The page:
Why I Prefer Indie Publishing Over Traditional Publishing

inmatescover

Tomorrow, my latest book, The Inmates Are Running the Asylum: Thoughts On Following Jesus, Amish Romance, the Daniel Plan, the Tebow Effect, and the Odds Of Finding Your Soul Mate officially releases.

As most of you probably know, I’ve had the privilege of publishing two books through traditional publishers (man, talk about a pretentious sentence!). I’m really grateful for all the people I’ve met and all the neat opportunities that have come through working with traditional publishers.

However, in recent years I’ve made the conscious decision to move away from traditional publishing and into indie publishing. Most people think this is a relatively stupid idea. Or, they associate indie publishing with terrible authors who can’t get published by traditional publishing companies. But there really is a method to my madness. There are some very specific and concrete reasons I prefer indie publishing to traditional publishing.

IT’S WAY MORE FUN

The truth is, for me, indie publishing is way more fun than traditional publishing. The reality is, publishing companies need to make money on the books they publish. I don’t fault them for that. After all, no money means no company. The downside to this is that publishing companies can’t afford to take risks on books. They need to know that they’re going to at least make back the money they spent publishing books. Again, nothing wrong with that.

However, what this practically means is that publishing companies tend to be primarily concerned with platform. If an author has a big platform, he can get published (see Jefferson Bethke, etc.). Or, if an author writes a controversial book guaranteed to raise the hackles of large numbers of people, he or she can also get published (see Rachel Held Evans, Rob Bell, et all.).

I have all sort of books I want to publish that don’t quite fit into the mainstream of Christian literature. The Inmates Are Running the Asylum is more in the vein of David Sedaris and Dave Barry than John Piper. I want to publish a collection of short stories. I want to publish a novel that doesn’t conclude with everyone getting saved and the marriage being rescued and the football team winning the championship. Indie publishing lets me follow my imagination wherever it may lead.

IT’S WORKING REALLY WELL FOR ME

Without going into specific numbers, I can say that indie publishing has been really, really good to me. My last release, Untamable God: Encountering the One Who Is Bigger, Better, and More Dangerous Than You Could Possibly Imagine, has sold very well. The reason for this is simple: I have fantastic friends who have really helped me promote the book. I don’t have a marketing team. I don’t have a video team to help me create controversial book trailers (ala, “Farewell Rob Bell”). I just have a lot of great friends who have helped spread the word about my books.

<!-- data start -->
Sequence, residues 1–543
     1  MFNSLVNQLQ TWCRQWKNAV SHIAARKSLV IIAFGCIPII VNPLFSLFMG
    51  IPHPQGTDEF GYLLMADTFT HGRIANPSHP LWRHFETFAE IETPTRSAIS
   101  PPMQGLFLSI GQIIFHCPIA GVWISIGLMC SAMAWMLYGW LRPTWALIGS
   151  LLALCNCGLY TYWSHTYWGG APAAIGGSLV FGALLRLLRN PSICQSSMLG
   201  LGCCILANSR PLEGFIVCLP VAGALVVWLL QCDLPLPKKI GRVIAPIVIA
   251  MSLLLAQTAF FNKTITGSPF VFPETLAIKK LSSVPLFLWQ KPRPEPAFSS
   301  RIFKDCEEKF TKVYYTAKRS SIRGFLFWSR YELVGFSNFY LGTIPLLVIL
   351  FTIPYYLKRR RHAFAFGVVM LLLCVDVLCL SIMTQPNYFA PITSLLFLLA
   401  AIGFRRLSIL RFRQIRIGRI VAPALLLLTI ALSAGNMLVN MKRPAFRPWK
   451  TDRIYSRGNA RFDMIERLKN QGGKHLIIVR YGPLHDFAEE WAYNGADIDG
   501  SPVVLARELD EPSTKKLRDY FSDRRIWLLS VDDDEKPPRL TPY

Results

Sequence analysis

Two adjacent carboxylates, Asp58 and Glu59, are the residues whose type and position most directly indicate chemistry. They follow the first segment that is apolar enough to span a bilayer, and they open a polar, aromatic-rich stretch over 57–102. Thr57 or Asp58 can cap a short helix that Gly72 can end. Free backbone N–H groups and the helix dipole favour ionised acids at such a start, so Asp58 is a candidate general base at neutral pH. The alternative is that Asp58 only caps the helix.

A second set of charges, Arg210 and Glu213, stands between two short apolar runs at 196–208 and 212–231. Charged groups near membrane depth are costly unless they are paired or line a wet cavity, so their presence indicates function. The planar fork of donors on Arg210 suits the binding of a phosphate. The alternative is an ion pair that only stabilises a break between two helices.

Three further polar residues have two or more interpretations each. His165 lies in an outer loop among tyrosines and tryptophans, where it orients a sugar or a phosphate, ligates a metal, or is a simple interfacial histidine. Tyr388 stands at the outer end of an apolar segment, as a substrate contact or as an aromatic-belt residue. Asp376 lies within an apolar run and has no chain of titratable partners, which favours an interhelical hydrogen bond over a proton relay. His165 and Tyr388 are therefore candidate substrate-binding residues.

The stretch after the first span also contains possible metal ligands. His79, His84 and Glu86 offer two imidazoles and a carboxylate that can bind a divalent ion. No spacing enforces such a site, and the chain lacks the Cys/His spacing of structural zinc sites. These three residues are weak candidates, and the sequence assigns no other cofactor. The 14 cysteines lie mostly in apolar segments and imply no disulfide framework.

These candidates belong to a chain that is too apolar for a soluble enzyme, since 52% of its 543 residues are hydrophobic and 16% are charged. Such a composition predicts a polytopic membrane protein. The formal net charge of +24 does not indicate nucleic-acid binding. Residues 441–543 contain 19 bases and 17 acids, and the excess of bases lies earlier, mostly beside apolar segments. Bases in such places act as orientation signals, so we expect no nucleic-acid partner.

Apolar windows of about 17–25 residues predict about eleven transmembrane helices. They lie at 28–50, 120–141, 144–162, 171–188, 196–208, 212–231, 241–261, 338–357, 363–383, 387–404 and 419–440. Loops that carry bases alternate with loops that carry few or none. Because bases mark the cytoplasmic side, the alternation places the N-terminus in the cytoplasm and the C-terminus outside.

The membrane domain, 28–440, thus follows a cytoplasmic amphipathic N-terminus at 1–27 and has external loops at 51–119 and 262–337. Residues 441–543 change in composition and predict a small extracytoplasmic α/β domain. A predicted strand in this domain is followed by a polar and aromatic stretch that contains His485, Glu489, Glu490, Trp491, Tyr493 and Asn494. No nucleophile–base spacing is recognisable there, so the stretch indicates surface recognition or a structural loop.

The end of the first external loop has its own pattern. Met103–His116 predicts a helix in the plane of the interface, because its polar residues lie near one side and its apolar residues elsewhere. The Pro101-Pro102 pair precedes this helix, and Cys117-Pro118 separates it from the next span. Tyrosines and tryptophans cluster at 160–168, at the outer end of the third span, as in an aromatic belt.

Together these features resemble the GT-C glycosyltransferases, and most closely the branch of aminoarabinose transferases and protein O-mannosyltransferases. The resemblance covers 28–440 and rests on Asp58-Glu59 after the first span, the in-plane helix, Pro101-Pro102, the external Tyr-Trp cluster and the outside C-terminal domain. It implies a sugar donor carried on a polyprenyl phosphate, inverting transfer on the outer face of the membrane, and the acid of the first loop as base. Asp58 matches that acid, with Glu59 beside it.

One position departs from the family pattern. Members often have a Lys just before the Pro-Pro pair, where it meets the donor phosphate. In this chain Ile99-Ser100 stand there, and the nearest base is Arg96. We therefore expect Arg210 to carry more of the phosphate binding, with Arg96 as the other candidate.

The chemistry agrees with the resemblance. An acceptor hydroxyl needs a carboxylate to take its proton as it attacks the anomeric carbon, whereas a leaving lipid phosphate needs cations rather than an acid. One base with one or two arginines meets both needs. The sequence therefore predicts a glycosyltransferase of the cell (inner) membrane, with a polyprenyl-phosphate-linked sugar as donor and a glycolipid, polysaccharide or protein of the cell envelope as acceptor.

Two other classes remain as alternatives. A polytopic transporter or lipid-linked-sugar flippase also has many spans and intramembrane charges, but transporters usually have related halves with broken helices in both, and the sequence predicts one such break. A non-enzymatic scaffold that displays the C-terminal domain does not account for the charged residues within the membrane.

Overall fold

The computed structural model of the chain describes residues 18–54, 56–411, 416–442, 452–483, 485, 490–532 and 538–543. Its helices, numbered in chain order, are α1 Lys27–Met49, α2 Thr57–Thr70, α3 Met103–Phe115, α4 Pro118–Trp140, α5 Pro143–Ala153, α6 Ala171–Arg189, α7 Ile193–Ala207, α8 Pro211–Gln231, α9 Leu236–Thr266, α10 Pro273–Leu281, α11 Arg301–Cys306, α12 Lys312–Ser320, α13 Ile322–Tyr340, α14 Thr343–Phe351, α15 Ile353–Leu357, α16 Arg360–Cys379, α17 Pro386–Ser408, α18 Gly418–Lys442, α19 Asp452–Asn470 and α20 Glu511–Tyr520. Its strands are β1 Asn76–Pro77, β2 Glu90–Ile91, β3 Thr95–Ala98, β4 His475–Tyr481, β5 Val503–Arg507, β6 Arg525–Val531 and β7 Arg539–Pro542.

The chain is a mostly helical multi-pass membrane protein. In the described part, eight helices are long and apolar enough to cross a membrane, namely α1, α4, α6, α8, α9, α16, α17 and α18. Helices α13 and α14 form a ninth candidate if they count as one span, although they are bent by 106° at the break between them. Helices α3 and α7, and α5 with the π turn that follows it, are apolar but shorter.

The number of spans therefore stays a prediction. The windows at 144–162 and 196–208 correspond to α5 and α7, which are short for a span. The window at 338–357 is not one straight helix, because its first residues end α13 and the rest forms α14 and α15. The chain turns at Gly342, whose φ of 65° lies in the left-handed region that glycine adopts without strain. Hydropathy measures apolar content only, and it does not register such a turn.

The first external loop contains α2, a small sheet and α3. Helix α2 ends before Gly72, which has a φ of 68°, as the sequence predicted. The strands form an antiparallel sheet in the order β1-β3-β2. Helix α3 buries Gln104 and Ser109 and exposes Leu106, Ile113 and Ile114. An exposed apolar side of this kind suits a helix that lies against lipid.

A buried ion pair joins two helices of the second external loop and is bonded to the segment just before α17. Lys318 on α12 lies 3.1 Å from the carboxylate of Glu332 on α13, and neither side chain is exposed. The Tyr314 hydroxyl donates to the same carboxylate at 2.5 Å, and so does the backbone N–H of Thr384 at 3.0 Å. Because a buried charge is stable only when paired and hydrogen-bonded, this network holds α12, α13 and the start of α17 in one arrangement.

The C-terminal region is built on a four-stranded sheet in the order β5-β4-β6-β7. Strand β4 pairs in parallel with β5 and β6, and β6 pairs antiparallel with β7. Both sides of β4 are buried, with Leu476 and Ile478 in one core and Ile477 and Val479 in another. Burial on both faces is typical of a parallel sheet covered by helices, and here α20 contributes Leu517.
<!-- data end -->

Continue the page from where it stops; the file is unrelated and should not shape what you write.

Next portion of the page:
Going the indie route has also allowed me to be really generous with my books. I’ve easily given away over 20,000 copies of my book Create: Stop Making Excuses and Start Making Stuff. That simply wouldn’t happen if I had gone the traditional route.

So am I done with traditional publishing? Not necessarily. But I’m having so much fun right now going the indie route, I’ll at least pause before I consider signing with a traditional publisher.

WHAT DO YOU THINK? SHOULD I GO INDIE? SHOULD I STAY WITH A MAINSTREAM PUBLISHER? ALL THOUGHTS WELCOME!

Comments

  1. Lisa says

    Thanks so much for the information and encouragement! Do you sell mostly hard copies or electronic versions? It would be great if you would write more on indie publishing-maybe a series? (Best route for hard copy publishing, approximate costs, resources, etc.)

  2. joanna says

    I think you should stay indie unless you get a super good offer from a traditional publisher since you’re doing indie publishing so well. Many indie books fail at at least one of writing, editing or graphic design but you’ve managed to get them all happening to a high standard.

    Looking forward to see where you go with the novel. You are totally right that the cliches of rescued marriages and everyone getting saved are way overdone in Christian publishing so there’s lots of other potential storylines out there to explore.

  3. M says

    I have thought about going indie as well. I’m published through a very small traditional (Christian) publisher which basically means all the cons of traditional publishing (i.e. they keep some of the money, which, as you said, is understandable) and none of the pros (there is no marketing department–I have to do all marketing and publicity myself).

    Would you say that to go indie you really have to have somewhat of a platform and connections ALREADY in order to sell successfully?

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